Rite of passage: Expats cross cultural divide

Rite of passage: Expats cross cultural divide

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Easter parades are quintessentially Spanish. So when British expats took part in one for the first time, it was a cultural first.

The Spanish people take Easter, Semana Santa, very seriously. The various festivities, in many towns, always culminate in huge processions through the streets of the Pasos, the enormous floats depicting the Stations of the Cross, born on the shoulders of the Costaleros, dozens of young, strong Spanish men.

Long term expats bridge the divide with the locals

Or, in one unique instance, on the stooping shoulders of a group of middle-aged, grey-haired British residents, all of whom were wondering how the heck they got themselves involved in this.

It began almost by accident, with a simple request.

The manager of the foreigner's office in Torrevieja, in south-east Spain, British-born ex-police officer Graham Knight, 55, was asked by local town councillor for culture, Eduardo Dolon, for a few Brits to help carry one of the Pasos.

After a few discussions, the idea spread to 'Why not have a Paso carried solely by members of the foreign community?' It would be a first; it had never been done before, not in all of Spain, not, it is believed, in the entire Roman Catholic world.

Knight gradually assembled a few ‘volunteers’.

"It wasn’t easy", he told us, "The Paso weighs over 1,000kgs, and requires a hundred men to carry it.

"It was so heavy that it had, in the past, been mounted on a wheeled chassis and pulled, but now it has been refurbished, and would have to be carried."

The Paso that was made available for the foreigners was that of Jesus in the Garden of Olives, with life-sized carved statues of the sleeping Saints, John, Peter and James, with the Christ beyond them and, behind him, a soaring angel, wings outstretched.

All carved in solid wood, on a huge chassis, sheathed in silver and plated in gold. Oh, and two trees, as well, plus several car batteries to power the lights, and flowers in tubs all around the tableau, just to finish it off.

Word got around; the first few volunteers were assembled, then the idea took hold and finally they reached the magic number of one hundred.

Uniforms had to be paid for, black trousers with a green silk shirt, and white gloves.

That was a start. Then there were the accompanying Nazarenes, the ladies in flowing robes, masked and hooded, a la Ku Klux Klan.

They had to make their own costumes, but local seamstress Margaret Tuft, a British expat, had soon assembled a team of sewers, and got to work. 

"My house became a factory," said Tuft, "The team have done an incredible job making the costumes."

Then the Costaleros had to start rehearsing and to practise Pasos, learning to move from side to side so that the entire Paso swayed above them.

These Ku Klux Klan-like figures accompany the paso

In time, they learned the rhythm, learned to march in step, ably guided by Briton Mike Upsher, a former undertaker, who has some experience of these things.

By this time, the Spanish press was taking notice, and reports began to appear of this novel idea, with stories appearing in the national media.

Then came the day when the Paso, newly refurbished, arrived, to be ritually blessed at a Mass held by the town’s leading priests, attended by local dignitaries – and the entire British cofradia, or brotherhood.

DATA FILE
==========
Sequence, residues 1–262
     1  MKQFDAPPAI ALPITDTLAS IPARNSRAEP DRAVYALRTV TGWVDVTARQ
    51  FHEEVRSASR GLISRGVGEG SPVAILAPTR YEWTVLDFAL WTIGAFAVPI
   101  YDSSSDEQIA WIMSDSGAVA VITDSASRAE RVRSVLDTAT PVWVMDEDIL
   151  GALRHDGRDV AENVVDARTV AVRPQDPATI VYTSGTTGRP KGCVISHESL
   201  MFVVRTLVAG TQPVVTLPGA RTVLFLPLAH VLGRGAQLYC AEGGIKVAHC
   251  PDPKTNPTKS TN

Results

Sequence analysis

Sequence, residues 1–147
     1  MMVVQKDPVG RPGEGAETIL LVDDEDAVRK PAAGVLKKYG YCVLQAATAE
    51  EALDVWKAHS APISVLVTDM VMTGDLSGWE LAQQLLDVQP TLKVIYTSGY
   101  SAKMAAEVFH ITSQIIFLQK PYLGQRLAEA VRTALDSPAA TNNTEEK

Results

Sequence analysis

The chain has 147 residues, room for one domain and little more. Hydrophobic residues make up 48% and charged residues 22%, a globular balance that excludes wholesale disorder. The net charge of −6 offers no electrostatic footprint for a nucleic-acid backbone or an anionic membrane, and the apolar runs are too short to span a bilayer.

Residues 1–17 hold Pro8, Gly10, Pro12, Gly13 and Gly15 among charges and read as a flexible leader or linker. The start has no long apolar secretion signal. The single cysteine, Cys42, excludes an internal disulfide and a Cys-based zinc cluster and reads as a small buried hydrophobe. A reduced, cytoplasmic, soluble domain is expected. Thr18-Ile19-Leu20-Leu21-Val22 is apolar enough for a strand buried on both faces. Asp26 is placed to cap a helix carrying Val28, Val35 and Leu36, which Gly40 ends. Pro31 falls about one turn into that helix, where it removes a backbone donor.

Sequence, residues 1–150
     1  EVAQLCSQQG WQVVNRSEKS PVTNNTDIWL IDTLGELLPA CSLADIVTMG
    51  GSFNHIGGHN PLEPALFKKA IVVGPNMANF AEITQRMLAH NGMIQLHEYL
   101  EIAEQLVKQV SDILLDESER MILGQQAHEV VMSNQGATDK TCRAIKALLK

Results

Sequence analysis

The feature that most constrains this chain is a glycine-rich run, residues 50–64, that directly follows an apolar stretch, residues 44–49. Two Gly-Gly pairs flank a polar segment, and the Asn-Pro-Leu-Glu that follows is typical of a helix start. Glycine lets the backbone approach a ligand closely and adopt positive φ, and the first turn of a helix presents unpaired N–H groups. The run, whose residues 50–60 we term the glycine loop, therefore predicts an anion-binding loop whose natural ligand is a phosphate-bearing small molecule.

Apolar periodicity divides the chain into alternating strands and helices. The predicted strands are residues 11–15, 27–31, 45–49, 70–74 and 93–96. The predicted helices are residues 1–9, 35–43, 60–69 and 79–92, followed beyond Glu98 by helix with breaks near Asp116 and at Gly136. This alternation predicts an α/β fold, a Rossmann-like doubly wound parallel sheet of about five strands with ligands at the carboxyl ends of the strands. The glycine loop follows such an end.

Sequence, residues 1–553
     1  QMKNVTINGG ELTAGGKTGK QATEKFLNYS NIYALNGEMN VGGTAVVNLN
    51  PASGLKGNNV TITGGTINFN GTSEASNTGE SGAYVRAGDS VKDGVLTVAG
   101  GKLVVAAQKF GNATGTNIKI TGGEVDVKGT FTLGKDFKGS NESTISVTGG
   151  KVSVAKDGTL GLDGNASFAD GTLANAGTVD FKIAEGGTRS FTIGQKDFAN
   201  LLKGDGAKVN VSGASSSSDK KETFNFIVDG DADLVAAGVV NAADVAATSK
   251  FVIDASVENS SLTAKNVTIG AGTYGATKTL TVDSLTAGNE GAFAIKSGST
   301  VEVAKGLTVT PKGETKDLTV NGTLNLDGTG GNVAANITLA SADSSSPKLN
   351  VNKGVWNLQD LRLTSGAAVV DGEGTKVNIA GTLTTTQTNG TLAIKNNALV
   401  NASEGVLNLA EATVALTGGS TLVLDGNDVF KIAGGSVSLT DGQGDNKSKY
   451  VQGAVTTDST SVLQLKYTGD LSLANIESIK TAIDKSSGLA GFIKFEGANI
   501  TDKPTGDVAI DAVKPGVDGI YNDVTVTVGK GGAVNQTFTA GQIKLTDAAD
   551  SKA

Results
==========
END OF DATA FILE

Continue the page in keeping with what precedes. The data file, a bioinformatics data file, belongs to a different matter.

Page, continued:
The following week, the Paso was wheeled out, and the cofradia inserted the eight huge carrying poles, and got ready to take the strain.

On the command, every man got in position, took the weight – and the elegant Paso was raised, settled onto shoulders, and the British Cofradia was in business!

For several practise sessions, the Paso was born aloft through nearby streets, until the day of the first procession, the Monday before Easter, arrived.

Amidst hundreds of fit young Spaniards, the Brits were easy to identify - green shirts and grey hair.

Gradually, the procession assembled, the bands got into place, the drummers in front, the Nazarenes alongside, the Penitentes, dressed solemnly in black, assembled behind the huge Paso, and the Cofradia were ready.

As thousands of Spaniards watched, the Paso was lifted aloft, and the Costaleros began the rhythmic sway, prior to beginning the long march around the town.

The reception given to the British Costaleros by the Spanish onlookers made everything worthwhile.

"It was fantastic, unbelievable," said Knight, whose job it was to march with the Paso, giving the instruction when to raise or lower it.

"The Spanish were just overwhelmed, they cheered, some were in tears of emotion, we just couldn’t believe how enthusiastic they were. It made it all worthwhile, all the hours of practise, all the work we’d put into it."

A typical paso weighs up to 1,000kg

Never before have foreigners, even non-Catholics, carried a Paso in a Semana Santa procession.

The Spanish press, even national TV were there, as shouts of ‘Viva los Costaleros Inglese!’ rang out.

The hardy Brits walked on, bearing the Paso – the equivalent weight of a bag of cement for each man, more than expected, since the carrying poles were shorter, meaning there were actually only 86 carriers – through the streets.

Drums crashed, bugles played, the Nazarenes dispensed sweets to the hundreds of children along the route, the Penitentes marched solemnly behind.

Two hours of marching – it will be nearer five on Good Friday!

This writer was one of them, and it was an experience of a lifetime. For the first time, after some 15 years in Spain, I felt I was finally, at last, fully integrated into the Spanish way of life, making a real contribution, not just as a foreign resident, but as part of a real Cofradia, of real Spain. Vive los Costaleros Inglese indeed!

Expatica

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